In this paper I trace the combined origins and variations of the trope of ‘honour’ and the figure of ‘the child’: from medieval Europe to contemporary postcolonial contexts. What remains constant are the cultural and political agendas fulfilled in the name of the child, in particular as a warrant fuelling religious and racialised persecution. This background to child protection poses considerable challenges to educationalists and advocates for children. However, engaging with these gives rise, I argue, to positive strategies for change: firstly, to illuminate the wider agendas constellated around ‘the child’ – and so better identify whose ‘honour’ (and whose interests) is at stake; secondly, to attend to the gendered and cultural dynamics that surround children, including their interplay with questions of national identity and cultural reproduction; thirdly, a feminist and social justice perspective to questions of culture and honour neither exonerates violence in the name of cultural respect, nor ignores the complexity of power relations through which such evaluations are made.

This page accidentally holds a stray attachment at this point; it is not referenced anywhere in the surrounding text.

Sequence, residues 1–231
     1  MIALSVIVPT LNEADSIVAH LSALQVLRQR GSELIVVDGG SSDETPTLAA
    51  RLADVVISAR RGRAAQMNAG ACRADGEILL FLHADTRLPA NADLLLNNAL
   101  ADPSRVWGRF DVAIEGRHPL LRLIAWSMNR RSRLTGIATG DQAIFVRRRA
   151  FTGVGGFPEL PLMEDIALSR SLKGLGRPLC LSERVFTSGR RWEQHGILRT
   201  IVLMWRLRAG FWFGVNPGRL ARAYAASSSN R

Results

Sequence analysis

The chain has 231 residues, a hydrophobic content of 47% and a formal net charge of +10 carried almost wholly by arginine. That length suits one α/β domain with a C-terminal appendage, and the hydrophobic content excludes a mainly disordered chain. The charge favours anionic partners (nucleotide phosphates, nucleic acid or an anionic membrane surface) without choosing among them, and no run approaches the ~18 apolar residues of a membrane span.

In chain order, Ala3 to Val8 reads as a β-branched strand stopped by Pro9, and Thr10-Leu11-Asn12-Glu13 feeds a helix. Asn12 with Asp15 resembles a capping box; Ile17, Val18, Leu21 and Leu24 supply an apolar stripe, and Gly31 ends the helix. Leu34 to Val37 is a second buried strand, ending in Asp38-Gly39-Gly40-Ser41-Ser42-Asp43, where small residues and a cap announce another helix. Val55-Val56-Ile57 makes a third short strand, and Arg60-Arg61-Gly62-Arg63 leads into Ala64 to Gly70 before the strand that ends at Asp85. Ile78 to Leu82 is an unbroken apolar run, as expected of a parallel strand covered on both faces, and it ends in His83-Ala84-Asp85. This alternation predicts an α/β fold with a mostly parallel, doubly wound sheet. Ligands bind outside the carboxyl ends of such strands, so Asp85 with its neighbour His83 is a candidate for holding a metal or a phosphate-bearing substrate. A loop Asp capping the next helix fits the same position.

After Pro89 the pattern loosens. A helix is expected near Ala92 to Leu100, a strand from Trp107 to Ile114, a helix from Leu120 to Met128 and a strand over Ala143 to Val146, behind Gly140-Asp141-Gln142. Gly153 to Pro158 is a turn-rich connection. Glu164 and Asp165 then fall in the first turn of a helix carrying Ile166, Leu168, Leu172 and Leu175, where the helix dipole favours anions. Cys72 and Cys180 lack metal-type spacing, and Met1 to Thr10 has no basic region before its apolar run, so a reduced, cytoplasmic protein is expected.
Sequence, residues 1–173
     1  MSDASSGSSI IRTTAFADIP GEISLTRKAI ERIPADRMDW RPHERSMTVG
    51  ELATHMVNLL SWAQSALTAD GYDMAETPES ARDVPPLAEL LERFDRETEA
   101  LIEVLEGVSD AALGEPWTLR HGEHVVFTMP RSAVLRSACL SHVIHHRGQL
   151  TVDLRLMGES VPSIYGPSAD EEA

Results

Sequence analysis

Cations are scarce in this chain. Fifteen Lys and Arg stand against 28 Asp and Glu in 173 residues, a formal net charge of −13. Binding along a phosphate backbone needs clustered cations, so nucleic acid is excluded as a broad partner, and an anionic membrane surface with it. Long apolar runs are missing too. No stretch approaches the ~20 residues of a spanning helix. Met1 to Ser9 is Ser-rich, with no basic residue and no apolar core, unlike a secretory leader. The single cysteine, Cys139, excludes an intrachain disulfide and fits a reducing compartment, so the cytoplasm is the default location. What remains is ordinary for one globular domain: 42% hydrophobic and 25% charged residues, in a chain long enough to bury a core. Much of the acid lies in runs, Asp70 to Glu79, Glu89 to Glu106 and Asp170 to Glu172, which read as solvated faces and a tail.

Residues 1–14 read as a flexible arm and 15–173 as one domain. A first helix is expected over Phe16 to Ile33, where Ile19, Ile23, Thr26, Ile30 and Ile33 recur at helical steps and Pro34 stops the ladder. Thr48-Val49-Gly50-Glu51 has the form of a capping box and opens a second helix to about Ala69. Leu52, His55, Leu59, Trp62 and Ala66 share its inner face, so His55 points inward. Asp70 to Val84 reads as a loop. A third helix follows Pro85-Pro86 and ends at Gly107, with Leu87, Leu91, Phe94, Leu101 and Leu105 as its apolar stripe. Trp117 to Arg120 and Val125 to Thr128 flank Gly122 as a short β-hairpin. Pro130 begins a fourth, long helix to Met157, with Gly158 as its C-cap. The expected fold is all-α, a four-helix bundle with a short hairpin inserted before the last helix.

|Number of pages||13|
|Journal||International Journal of Equity and Innovation in Early Childhood|
|Publication status||Published - 2012|